Racine County has a one-way commuter relationship with the Milwaukee metro area. The City of Racine is a commuter hub locally, but its pull does not reach far. Thirteen Milwaukee county workers commute west to Waukesha county for every 1 who travels south to Racine County.

Racine doesn’t do much better with its southern neighbor Kenosha county, either. Kenosha county is classified as part of the Chicago MSA. About 27 percent of its workers travel to Illinois compared to just 11 percent who work in Racine.

The boundaries of metropolitan statistical areas are intended to describe reality, not shape it. In the future, Racine’s economy may become intertwined with Milwaukee’s in the same way that Milwaukee and Waukesha have grown into a single economic unit. The Foxconn project could be the catalyst needed to make this shift (if it is ever completed). In the meantime, however, Racine remains a close cousin, if not a sibling member of the Milwaukee Metro.

graphs showing commute flows between counties in SE Wisconsin

Milwaukee’s 2020 Property Assessments take their largest jump since 2006

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The 2020 total value of Milwaukee’s tax base is $31.4 billion, up $2.2 billion from 2019, but still $4.1 billion less than the peak in 2007. The city’s total assessment grew 7.6% from 2019 to 2020. This is the largest year-over-year increase since 2005-2006.

Unless stated otherwise, all values in this post are adjusted for inflation to current (2020) values using the Consumer Price Index.

In unadjusted (“nominal”) dollars, the city’s total 2020 valuation exceeded its 2008 peak for the first time. Homeowners who bought their properties near the top of the pre-Recession market will be glad to see their home values approach the sale price, but apart from this the nominal dollar comparison has little value.

line graph of Milwaukee's total assessed property tax base

By law, the assessments released in April 2020 are intended to reflect the value of the property on January 1, 2020, so they do not take into consideration the current economic turmoil facing the entire nation. As research from the Public Policy Forum has shown, municipalities in Wisconsin are disproportionately dependent on property taxes compared to local governments in other states. Usually this lack of a diversified income stream is a bad thing, but in this case it may shelter municipalities from even worse fiscal fallout for at least another year.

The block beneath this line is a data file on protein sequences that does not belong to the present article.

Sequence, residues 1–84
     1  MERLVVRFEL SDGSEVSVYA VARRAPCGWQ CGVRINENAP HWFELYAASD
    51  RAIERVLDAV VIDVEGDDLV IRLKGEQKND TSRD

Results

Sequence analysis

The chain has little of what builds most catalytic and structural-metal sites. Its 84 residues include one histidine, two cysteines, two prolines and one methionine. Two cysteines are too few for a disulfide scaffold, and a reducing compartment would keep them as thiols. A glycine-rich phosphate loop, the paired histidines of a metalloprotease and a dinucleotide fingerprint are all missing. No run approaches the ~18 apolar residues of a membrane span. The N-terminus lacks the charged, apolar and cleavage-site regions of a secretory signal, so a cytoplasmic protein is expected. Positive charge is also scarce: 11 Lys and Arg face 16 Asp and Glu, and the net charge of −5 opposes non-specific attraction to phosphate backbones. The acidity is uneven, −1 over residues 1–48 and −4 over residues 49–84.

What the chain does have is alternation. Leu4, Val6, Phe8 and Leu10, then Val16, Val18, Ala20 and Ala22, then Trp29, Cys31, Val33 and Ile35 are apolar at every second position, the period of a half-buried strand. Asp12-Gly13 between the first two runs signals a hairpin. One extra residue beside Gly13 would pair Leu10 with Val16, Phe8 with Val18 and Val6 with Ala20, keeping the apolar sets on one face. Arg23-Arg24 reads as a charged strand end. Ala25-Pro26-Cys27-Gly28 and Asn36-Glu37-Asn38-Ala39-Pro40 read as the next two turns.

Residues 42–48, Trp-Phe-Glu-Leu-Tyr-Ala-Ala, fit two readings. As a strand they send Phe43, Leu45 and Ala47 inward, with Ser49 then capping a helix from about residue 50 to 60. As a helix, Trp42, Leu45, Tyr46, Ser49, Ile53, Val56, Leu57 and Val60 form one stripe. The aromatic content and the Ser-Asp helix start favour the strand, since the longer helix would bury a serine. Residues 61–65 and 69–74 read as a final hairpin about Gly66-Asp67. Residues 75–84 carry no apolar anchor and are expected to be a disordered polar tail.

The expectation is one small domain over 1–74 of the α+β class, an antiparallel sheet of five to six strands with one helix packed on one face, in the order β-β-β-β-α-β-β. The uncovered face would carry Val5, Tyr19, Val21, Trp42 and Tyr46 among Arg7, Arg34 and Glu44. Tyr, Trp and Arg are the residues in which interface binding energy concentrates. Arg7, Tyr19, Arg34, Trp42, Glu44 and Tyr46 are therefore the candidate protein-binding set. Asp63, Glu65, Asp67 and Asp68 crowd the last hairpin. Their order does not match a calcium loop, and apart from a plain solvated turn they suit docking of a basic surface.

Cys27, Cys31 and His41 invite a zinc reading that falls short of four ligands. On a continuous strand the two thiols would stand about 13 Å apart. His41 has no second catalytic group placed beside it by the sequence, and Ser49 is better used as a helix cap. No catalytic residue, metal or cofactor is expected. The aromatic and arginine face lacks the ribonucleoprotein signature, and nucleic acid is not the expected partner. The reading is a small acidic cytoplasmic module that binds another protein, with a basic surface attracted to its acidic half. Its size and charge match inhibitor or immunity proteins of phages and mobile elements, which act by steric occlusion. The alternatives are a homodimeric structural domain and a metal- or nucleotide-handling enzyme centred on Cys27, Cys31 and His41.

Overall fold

The residential picture

The average residential property assessment in 2020 was $115,700. The median home’s assessment grew 9.9% from 2019 to 2020, or $9,800. Home valuations increased for 82% of homes and decreased for 12%.

Among neighborhoods with at least 200 homes, values grew the most in Brewer’s Hill ($46,000 on average). Murray Hill, on the other side of the Milwaukee River, saw the largest decline ($9,000). Other neighborhoods with large increases include Harambee, Mount Mary, Maple Tree, and Riverwest. In addition to Murray Hill, property values declined in Riverside Park, Uptown, Clock Tower Acres, Granville Station, Washington Park, and Sherman Park.

There are a handful of neighborhoods where property values in 2020 are higher than in 2007. They include neighborhoods near the Lake such as Bay View, Fernwood, Harbor View, the Historic Third Ward, and Yankee Hill; the two near-north side neighborhoods of Triangle and Triangle North; and a cluster of far-northwest side developments near Dretzka Park.

These neighborhoods are by far the exception to the general trend. As of 2020, the median home in Milwaukee is assessed at 73% of it’s value in 2007–an average decline of $42,000.

Maps of property value changes by block